It all seems to average out but I have noticed people’s energy (meaning awareness, activity, and acuity) is all over the map. Some days we drag and feel sluggish, others we seem to come out swinging and hit home runs all day! Why isn’t our energy level average most days?

The easy answers, I know, are always external factors like sleep, caffeine, exercise, etc. Today, while I was driving, the sky was overcast and I did not care for the music playing in my car and I felt really bored and on the borderline of a headache. Then, one of my favorite songs came on just as the sun came out and before I knew it, I was singing and tapping my feet and I felt lively and alert.

During moments of the day, I had lots of energy–when I was engaged and enjoying myself, and during other moments all I wanted to do was nap.

I thought I did not sleep well last night or maybe I needed an extra caffeine or sugar boost today. Then I realized I was responding to external stimuli but the energy was coming from inside of me the whole time. I generated the energy I wanted when I wanted it. When I felt bored or depressed in a moment, I let that take over. All I had to do, though, was put on a good song, or smile and move and suddenly I felt better. I could have done that the whole time!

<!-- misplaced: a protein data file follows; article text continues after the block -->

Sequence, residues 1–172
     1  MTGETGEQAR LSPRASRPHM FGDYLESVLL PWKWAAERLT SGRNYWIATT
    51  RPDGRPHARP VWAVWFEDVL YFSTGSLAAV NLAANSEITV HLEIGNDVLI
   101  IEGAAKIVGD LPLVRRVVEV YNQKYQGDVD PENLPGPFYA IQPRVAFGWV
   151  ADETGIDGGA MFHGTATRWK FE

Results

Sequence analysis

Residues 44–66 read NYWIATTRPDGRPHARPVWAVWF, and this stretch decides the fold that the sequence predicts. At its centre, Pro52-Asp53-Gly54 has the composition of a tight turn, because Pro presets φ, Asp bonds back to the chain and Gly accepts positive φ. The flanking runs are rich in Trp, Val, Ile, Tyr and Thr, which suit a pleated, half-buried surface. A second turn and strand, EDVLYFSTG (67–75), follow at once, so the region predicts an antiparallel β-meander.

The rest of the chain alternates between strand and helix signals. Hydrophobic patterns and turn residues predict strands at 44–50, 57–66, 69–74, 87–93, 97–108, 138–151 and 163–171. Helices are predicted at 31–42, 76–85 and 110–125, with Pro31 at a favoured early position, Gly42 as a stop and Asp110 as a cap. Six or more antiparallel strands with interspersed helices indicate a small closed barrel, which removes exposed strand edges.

Today’s Lesson: You choose your energy level.

 

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Family First

The world is growing bigger and smaller simultaneously. Choose your life strategically.

*****

Moving across the country is daunting, to be sure, but there were several factors involved in choosing where we wanted to live. One of them was proximity to family.

Nicole and I narrowed down our list of places we wanted to pursue a life together to three main cities, and then eventually to one: Tampa, Florida. When we compared it to one of the other top two contenders (Austin and San Diego), I recognized two things fairly early:

1. There are no cheap flights to those cities and if everything went wrong, it would be very difficult to return to Michigan.